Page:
Coming in at a retail price of $599, the Creality K1 undercutted the original Bambu Lab X1 Carbon’s price by half. It’s even $100 cheaper compared to the machine’s lower-priced alternative, the P1S. 

While Creality appears to be an expensive clone of the X1 Carbon on the surface, the manufacturer has taken a few steps to differentiate itself from the competition. For instance, did you know Bambu Lab’s hardware and software are completely closed source? Meanwhile, Creality has already released its firmware as open source to allow integration with community favorites such as Orca Slicer, Mainsail firmware, and Fluid firmware.

Creality is not alone in this quickly heating up market segment. Competitors such as Phrozen, TwoTrees, and FLSUN are all readying up their own high-speed CoreXY machines. Qidi-Tech and Flashforge already even released their own well-received machines.

Can Creality’s K1 FDM 3D printer have what it takes to compete in the 2023 3D printer landscape? Or will Bambu Lab continue its market dominance in this segment? We spent hundreds of hours testing the K1, so you don’t have to.

Key Features To Look For In A Great 3D Printer

Fully assembled CoreXY machines used to be limited to professional machines that cost several thousands of dollars. However, Bambu Lab created a whole new market segment by marrying top quality, ready to print professional machines with the affordability of consumer printers. This new market segment is quite young and populated with a few printers from Creality, Bambu Lab, Flashforge, and Qidi-Tech.

To ensure you select the right FDM 3D printer that suits your needs, it’s important to consider a few key factors before making your purchase. 

First and foremost, look at the machine’s print quality, which we rated the Creality K1 a 9/10 for. This is attributed to its capability to generate extremely top-quality prints with precise extrusion, high degree of dimensional accuracy, and proper z-alignment that rivals the best the market has to offer.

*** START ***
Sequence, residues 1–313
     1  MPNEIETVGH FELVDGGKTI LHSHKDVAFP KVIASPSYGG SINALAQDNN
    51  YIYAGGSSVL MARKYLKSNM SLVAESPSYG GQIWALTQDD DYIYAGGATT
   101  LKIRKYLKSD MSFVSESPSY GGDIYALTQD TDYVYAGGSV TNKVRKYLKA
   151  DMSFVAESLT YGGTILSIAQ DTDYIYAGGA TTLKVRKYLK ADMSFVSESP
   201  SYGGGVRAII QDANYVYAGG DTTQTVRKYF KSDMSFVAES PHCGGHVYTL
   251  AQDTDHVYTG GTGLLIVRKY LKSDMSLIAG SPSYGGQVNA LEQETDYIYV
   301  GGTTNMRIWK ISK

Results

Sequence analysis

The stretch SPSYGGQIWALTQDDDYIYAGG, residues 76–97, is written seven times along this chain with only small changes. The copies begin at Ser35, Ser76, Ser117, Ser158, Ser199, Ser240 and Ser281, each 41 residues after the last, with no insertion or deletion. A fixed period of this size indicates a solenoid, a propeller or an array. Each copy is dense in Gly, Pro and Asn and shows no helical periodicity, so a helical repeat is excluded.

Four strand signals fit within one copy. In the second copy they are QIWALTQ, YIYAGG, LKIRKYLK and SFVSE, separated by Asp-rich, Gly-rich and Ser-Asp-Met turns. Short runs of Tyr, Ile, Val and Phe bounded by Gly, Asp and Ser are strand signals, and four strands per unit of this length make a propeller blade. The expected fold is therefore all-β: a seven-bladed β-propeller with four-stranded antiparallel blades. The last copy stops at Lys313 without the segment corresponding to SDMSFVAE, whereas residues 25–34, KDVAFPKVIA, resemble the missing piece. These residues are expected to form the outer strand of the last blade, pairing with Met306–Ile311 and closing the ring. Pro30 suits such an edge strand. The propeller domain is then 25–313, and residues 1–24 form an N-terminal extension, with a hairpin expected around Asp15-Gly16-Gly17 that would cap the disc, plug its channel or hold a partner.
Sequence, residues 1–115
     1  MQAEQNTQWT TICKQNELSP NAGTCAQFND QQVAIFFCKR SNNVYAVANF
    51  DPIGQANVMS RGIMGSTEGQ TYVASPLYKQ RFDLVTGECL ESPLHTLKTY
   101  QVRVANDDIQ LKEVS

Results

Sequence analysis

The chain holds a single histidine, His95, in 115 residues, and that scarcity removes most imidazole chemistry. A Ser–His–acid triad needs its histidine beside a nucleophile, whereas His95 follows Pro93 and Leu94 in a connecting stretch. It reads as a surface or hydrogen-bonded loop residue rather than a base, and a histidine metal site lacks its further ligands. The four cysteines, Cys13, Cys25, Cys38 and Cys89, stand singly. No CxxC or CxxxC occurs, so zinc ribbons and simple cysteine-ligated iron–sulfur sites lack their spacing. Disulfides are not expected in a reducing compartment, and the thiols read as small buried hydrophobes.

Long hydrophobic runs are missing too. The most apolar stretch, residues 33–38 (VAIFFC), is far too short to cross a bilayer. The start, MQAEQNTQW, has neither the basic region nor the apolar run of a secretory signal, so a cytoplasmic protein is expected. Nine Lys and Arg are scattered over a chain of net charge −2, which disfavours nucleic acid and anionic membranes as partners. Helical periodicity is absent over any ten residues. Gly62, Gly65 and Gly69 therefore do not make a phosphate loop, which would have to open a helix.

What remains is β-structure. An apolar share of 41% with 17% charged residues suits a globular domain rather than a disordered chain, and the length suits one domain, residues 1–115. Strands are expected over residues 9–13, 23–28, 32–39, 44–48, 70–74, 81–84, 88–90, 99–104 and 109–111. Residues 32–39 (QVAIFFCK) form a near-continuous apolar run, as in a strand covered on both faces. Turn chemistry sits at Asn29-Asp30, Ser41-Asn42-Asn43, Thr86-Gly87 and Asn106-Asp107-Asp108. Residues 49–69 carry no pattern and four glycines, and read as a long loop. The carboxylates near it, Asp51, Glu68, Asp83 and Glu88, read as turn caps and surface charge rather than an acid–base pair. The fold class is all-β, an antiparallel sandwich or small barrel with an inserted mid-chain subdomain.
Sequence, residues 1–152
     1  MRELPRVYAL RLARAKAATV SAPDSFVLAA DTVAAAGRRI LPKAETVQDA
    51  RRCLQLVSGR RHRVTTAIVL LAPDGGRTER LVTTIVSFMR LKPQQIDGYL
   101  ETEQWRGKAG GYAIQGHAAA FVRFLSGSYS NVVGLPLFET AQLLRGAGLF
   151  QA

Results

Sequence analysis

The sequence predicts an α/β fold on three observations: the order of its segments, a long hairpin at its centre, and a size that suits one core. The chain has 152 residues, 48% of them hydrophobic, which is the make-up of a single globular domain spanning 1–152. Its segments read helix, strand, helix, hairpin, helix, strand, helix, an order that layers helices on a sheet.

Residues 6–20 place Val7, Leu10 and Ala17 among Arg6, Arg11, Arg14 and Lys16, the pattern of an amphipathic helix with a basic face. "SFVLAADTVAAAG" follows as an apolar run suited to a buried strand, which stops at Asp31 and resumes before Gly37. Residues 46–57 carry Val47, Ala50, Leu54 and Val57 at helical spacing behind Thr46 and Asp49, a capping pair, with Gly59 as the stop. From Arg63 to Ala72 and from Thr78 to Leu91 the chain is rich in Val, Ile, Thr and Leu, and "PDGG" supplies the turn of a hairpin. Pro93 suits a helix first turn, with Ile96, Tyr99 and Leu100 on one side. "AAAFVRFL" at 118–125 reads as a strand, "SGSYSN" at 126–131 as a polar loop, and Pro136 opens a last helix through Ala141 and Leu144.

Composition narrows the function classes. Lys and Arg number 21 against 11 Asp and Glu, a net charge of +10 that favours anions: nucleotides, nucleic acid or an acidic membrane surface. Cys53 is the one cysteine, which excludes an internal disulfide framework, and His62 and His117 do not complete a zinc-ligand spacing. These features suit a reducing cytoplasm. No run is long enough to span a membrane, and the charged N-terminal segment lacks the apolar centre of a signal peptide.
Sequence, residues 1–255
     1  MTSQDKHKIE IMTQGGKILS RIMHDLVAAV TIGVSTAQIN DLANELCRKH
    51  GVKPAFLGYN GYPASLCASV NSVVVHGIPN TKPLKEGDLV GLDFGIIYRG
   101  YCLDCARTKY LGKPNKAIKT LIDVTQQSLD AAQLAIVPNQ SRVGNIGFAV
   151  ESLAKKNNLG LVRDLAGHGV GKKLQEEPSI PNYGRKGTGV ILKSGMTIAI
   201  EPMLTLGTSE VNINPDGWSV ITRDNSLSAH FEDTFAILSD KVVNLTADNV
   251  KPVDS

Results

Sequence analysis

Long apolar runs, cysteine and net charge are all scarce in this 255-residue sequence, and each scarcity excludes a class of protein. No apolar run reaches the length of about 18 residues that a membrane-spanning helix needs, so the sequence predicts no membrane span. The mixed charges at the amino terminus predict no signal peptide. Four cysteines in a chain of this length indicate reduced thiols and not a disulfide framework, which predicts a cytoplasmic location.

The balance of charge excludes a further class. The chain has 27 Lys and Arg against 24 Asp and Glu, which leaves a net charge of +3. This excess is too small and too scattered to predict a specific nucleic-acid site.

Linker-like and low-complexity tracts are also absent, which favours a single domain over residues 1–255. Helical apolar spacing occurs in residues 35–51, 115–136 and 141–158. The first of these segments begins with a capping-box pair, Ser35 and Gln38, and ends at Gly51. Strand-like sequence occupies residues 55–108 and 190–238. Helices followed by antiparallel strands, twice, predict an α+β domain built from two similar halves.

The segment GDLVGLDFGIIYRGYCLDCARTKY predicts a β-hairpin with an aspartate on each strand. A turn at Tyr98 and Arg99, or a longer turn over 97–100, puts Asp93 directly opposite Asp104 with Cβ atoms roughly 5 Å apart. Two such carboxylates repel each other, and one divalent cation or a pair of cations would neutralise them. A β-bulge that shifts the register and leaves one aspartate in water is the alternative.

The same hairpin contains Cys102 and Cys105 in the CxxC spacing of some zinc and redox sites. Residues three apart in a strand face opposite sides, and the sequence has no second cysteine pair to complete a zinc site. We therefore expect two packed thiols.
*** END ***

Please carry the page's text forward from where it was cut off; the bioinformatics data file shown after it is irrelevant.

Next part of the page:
Users should also keep in mind the assembly process and overall print experience of the machine they’re buying. We rated the Creality K1 10/10 in both. After breezing through its automated setup process, the machine practically arrived pre-assembled and ready to print. Preparing prints using the Creality Print slicer was a generally smooth experience in our tests, although there were a few bugs.

Last but not least, replacing parts should be a matter of “when,” not “if.” Creality has leveraged its well-established supply chain to ensure replacements are available for the K1 when needed.


Overall Score

Learn more about our 3D printer review methodology.

How We Researched This Printer

The Creality K1 belongs to the growing medium format enclosed FDM 3D printer segment. These printers focus on print quality, ease of use, speed, and the ability to be enclosed in order to print temperature sensitive filaments. Currently there are very few members in this family, with notable ones including Bambu Lab X1 Carbon, P1S, Flashforge 5M Pro and Qidi-Tech X3 Smart.

To thoroughly assess the capabilities of the Creality K1, we subjected it to a gauntlet of grueling test prints, pushing it to its limits and more. We also extensively scoured the internet to get a gauge of what kind of community this machine has. We then compared everything about it to its closest competitor: the Bambu Lab P1S.

The Creality K1 sports a high speed CoreXY motion system, automatic bed leveling, wireless remote control, and a great color touchscreen. This combination promises next generation 3D printing performance while enhancing the overall user experience, allowing users to focus more on printing and less on troubleshooting.

Creality K1 Printer Setup

Unboxing and Assembly

Our Creality review unit arrived in a large and heavy wooden crate, and it required two people to move it to our testing table. We would like to commend Creality for their seriousness in packing the K1, as the wooden crate was also reinforced with aluminum corners that were screwed in. In fact, the K1 was so well packed that we actually couldn’t get the original cardboard box out and had to extract the printer from the crate. 

Compared to other 3D printers, the shipping box was significantly larger than any other printer in its class and came flat-packed like most cartesian printers. The printer was encased in layers of packing foam and plastic wrap to protect it on its long overseas journey, and its accessories were packaged in a matrix of foam and cardboard in the build volume of the printer.